Collaborative Research: Synergistic effects of Elevated Carbon Dioxide (CO2) and Temperature on the Metabolism, Growth, and Reproduction of Antarctic Krill (Euphausia Superba)
Climate change projections for this century suggest that the Southern Ocean will be the first region to be affected by seawater chemistry changes associated with enhanced carbon dioxide (CO2). Additionally, regions of the Southern Ocean are warming faster than any other locations on the planet. Ocean acidification and warming may act synergistically to impair the performance of different organisms by simultaneously increasing metabolic needs and reducing oxygen transport. However, no studies have measured krill acid-base regulation, metabolism, growth, or reproduction in the context of ocean acidification or synergistic 'greenhouse' conditions of elevated CO2 and temperature. In the present project, the investigators will conduct both short and prolonged exposure experiments at Palmer Station, Antarctica to determine the responses of Euphausia superba to elevated CO2 and temperature. The investigators will test hypotheses related to acid-base compensation and acclimation of various life stages of krill to elevated CO2 and temperature. Furthermore, they will determine these impacts on feeding, respiration, metabolism, growth, and reproduction.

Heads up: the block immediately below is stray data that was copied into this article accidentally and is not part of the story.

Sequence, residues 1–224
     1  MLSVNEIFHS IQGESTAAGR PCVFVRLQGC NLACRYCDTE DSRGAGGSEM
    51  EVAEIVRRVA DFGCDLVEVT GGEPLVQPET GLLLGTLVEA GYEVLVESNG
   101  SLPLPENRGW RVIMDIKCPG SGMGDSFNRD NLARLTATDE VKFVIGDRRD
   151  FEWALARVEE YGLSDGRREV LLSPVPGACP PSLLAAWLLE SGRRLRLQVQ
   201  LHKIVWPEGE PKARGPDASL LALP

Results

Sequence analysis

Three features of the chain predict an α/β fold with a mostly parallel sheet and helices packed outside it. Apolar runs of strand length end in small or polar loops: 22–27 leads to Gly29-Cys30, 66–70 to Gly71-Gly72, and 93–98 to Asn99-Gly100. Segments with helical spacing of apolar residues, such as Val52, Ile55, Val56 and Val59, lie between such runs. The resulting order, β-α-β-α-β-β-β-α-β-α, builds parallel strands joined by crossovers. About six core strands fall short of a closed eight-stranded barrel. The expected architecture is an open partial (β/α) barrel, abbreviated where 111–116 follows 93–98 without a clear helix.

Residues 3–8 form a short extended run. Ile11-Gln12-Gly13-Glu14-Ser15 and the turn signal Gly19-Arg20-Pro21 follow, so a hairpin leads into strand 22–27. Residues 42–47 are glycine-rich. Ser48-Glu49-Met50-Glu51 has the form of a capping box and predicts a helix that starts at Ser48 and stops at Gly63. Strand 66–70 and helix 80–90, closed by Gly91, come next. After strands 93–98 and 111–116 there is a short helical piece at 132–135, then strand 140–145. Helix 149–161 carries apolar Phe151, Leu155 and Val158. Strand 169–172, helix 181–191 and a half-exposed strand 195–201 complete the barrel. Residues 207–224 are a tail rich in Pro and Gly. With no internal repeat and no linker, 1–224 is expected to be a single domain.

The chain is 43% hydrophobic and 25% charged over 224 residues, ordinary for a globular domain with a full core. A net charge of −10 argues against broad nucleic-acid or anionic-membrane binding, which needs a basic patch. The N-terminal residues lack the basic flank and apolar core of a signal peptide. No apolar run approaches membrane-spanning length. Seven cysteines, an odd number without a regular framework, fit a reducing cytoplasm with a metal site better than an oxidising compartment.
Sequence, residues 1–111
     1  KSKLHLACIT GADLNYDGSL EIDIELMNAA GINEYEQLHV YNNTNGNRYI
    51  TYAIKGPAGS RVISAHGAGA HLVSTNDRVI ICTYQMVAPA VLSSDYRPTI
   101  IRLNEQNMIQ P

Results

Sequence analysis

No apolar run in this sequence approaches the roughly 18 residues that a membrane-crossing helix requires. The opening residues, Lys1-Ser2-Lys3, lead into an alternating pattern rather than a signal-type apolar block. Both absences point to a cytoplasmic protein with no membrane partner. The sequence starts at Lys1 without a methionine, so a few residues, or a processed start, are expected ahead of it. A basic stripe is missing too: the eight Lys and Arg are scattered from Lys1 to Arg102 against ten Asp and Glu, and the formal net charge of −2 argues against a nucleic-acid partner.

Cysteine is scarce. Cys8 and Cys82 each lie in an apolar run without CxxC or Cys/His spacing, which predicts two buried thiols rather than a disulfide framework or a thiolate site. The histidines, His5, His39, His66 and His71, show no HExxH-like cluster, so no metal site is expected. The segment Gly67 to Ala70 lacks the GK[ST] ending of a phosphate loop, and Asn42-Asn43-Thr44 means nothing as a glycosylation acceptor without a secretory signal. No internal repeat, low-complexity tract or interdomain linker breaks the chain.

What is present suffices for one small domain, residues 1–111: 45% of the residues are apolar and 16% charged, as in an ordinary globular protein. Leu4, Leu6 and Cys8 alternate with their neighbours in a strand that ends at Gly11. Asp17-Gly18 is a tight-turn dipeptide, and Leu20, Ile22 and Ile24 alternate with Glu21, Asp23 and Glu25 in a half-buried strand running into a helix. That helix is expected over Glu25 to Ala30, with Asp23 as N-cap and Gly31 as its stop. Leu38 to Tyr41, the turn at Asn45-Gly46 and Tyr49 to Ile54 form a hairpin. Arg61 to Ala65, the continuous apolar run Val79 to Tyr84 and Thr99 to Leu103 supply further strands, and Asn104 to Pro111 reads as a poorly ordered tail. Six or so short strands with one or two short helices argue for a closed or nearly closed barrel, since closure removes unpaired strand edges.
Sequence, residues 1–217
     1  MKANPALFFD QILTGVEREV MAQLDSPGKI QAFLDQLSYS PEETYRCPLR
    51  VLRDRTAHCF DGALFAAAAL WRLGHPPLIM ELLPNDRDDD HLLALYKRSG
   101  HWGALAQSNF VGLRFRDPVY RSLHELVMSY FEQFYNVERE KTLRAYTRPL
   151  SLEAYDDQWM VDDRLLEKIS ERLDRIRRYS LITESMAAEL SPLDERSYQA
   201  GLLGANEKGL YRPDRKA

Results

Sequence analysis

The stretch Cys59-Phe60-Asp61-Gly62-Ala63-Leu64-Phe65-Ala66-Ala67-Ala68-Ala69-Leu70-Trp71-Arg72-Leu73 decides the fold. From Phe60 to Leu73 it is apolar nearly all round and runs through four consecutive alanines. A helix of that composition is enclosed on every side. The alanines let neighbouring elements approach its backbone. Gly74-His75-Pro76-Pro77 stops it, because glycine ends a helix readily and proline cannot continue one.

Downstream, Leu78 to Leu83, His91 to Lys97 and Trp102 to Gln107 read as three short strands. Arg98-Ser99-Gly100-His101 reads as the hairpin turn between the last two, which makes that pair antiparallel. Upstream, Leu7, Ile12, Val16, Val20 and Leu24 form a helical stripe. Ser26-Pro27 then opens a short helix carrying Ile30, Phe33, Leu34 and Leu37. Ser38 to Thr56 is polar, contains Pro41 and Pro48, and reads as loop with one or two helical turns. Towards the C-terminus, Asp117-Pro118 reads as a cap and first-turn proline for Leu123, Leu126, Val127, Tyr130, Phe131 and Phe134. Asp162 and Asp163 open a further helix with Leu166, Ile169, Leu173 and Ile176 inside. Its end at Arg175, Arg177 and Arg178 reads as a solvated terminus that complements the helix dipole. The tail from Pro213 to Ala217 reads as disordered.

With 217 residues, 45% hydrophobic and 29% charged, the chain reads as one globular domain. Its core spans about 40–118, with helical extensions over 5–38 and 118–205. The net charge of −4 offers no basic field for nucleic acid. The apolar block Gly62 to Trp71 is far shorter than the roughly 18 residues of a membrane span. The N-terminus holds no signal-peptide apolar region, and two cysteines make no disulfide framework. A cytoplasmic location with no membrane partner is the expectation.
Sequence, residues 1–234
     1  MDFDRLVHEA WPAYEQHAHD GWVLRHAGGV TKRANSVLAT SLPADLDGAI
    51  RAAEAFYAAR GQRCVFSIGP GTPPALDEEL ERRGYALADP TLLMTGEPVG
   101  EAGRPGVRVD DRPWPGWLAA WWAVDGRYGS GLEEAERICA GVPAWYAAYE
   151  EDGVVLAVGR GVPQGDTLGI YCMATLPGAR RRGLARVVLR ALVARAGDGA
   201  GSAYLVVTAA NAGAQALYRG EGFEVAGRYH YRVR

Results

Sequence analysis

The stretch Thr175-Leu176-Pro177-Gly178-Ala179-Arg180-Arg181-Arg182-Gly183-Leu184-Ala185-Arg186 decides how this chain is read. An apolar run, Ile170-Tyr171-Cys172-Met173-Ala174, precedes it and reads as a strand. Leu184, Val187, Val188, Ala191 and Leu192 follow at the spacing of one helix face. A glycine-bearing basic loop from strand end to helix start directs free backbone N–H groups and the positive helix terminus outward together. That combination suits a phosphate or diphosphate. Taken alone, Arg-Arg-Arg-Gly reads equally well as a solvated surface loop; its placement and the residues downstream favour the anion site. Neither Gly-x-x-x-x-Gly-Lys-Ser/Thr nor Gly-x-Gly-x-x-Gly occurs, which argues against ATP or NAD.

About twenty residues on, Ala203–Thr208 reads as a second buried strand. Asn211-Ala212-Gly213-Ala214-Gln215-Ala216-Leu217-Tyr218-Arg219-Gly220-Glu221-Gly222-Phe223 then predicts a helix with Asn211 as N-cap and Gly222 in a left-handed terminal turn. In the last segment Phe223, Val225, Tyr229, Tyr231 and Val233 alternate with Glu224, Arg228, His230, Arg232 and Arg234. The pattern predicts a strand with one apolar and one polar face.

The Antarctic krill, Euphausia superba, is a key component of Antarctic food webs as they are a primary food source for many of the top predators in the Southern Ocean including baleen whales, seals, penguins, and other sea birds. This project will determine the responses of Antarctic krill exposed to elevated CO2 and temperature and whether or not krill have the capacity to fully compensate under future ocean conditions. The proposed field effort will be complemented by an extensive broader impact effort focused on bringing marine science to both rural and urban high school students in the Midwest (Kansas). The core educational objectives of this proposal are to 1) instruct students about potential careers in marine science, 2) engage students and promote their interest in the scientific process, critical thinking, and applications of science, mathematics, and technology, and 3) and increase student and teacher awareness and understanding of the oceans and global climate change, with special focus on the Western Antarctic Peninsula region. Finally, this project will engage undergraduate and graduate students in the production, analysis, presentation and publication of datasets.
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